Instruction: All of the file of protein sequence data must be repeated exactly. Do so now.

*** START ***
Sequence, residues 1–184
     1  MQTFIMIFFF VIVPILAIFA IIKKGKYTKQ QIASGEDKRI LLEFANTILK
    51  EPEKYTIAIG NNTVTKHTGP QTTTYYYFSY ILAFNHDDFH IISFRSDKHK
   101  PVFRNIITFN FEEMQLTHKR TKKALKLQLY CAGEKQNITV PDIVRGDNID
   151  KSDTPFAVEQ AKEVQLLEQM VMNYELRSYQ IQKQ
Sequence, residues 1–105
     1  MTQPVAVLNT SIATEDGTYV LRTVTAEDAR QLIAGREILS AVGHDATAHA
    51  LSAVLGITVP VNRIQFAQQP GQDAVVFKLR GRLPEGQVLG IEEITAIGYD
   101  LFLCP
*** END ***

Sequence, residues 1–184
     1  MQTFIMIFFF VIVPILAIFA IIKKGKYTKQ QIASGEDKRI LLEFANTILK
    51  EPEKYTIAIG NNTVTKHTGP QTTTYYYFSY ILAFNHDDFH IISFRSDKHK
   101  PVFRNIITFN FEEMQLTHKR TKKALKLQLY CAGEKQNITV PDIVRGDNID
   151  KSDTPFAVEQ AKEVQLLEQM VMNYELRSYQ IQKQ
Sequence, residues 1–105
     1  MTQPVAVLNT SIATEDGTYV LRTVTAEDAR QLIAGREILS AVGHDATAHA
    51  LSAVLGITVP VNRIQFAQQP GQDAVVFKLR GRLPEGQVLG IEEITAIGYD
   101  LFLCP